Lesser toe deformities and pain are among the commonest problems presenting to a foot and ankle team. Many can be treated by accommodation and symptomatic control. However, many patients can only be made comfortable by surgical relaignment of their toes.
What use are the lesser toes?
In other primates the toes can be used for gripping. A few humans have learned to do this when hands are unavailable. However, for most humans the main function of the toes is to enlarge the contact area of the forefoot in the late stance phase of gait. The lesser toes take little pressure in standing, but in walking take about 80% of the pressure under their own metatarsal head.
The great toe takes the highest pressures (30% of total toe pressure), with the second taking 25%, the third 20%, the fourth 15% and the fifth 10%. (Hughes et al 1990).
To do this, the most important requirements are stability and co-ordination with the rest of the foot. These are achieved mainly through the plantar fascia; the intrinsic and extrinsic muscles are not active at this stage of gait.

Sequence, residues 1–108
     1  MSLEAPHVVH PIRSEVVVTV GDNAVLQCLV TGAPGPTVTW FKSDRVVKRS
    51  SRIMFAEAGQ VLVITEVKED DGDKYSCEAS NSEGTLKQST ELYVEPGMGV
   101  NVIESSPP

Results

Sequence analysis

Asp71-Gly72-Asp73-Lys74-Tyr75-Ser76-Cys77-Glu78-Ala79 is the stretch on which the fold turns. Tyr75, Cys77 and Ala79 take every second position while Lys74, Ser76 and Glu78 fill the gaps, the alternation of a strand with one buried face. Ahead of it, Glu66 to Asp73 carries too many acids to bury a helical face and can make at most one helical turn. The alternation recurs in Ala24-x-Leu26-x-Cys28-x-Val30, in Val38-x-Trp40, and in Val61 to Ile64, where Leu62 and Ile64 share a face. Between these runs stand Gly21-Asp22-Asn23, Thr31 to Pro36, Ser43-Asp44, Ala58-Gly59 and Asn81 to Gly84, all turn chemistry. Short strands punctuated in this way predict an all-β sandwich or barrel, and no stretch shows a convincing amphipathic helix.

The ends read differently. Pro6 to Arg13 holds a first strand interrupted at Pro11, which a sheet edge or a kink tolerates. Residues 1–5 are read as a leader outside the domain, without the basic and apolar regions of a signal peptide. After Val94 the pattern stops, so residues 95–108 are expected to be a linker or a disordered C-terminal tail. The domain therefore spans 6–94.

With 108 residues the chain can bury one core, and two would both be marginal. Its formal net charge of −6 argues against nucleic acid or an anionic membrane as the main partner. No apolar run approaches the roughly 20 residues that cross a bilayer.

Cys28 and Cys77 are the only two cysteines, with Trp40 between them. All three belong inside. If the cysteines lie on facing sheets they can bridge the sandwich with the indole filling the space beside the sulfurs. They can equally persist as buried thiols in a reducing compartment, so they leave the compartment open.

Muscle imbalance can, however, lead to toe deformity. Loss of the plantar fascial control through degenerative plantar plate tears is a much more common problem than is commonly thought. Pressure on the toes from ill-fitting shoes is important in many patients, especially when the second toe is long. Congenital deformities and post-traumatic deformities can also lead to pain and pressure.
There is relatively little good-quality research into the biomechanics, pathology and treatment of lesser toe problems. It is therefore more difficult than usual to give clear evidence-based recommendations for treatment. I’ll try to distinguish between explanations and advice based on evidence – and what simply seems reasonable (and awaits your research opportunities!)
To understand what goes wrong with the lesser toes it is important to grasp their anatomy and, particularly, how the plantar fascia and, to a lesser extent, muscle action control and stabilise the toes.